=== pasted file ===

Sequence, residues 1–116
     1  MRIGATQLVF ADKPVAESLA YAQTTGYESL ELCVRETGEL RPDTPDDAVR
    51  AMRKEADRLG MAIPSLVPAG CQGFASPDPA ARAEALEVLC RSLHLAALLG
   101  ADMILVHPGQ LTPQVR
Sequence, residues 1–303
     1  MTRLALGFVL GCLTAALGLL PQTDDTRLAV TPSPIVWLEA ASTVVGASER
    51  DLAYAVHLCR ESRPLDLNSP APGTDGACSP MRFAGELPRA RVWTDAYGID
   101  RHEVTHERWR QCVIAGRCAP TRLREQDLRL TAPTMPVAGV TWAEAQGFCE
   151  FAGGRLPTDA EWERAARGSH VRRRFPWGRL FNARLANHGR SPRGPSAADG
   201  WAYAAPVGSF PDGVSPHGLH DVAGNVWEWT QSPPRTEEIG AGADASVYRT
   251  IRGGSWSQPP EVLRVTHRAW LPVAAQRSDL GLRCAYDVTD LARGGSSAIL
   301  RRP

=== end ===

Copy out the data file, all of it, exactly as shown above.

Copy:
Sequence, residues 1–116
     1  MRIGATQLVF ADKPVAESLA YAQTTGYESL ELCVRETGEL RPDTPDDAVR
    51  AMRKEADRLG MAIPSLVPAG CQGFASPDPA ARAEALEVLC RSLHLAALLG
   101  ADMILVHPGQ LTPQVR
Sequence, residues 1–303
     1  MTRLALGFVL GCLTAALGLL PQTDDTRLAV TPSPIVWLEA ASTVVGASER
    51  DLAYAVHLCR ESRPLDLNSP APGTDGACSP MRFAGELPRA RVWTDAYGID
   101  RHEVTHERWR QCVIAGRCAP TRLREQDLRL TAPTMPVAGV TWAEAQGFCE
   151  FAGGRLPTDA EWERAARGSH VRRRFPWGRL FNARLANHGR SPRGPSAADG
   201  WAYAAPVGSF PDGVSPHGLH DVAGNVWEWT QSPPRTEEIG AGADASVYRT
   251  IRGGSWSQPP EVLRVTHRAW LPVAAQRSDL GLRCAYDVTD LARGGSSAIL
   301  RRP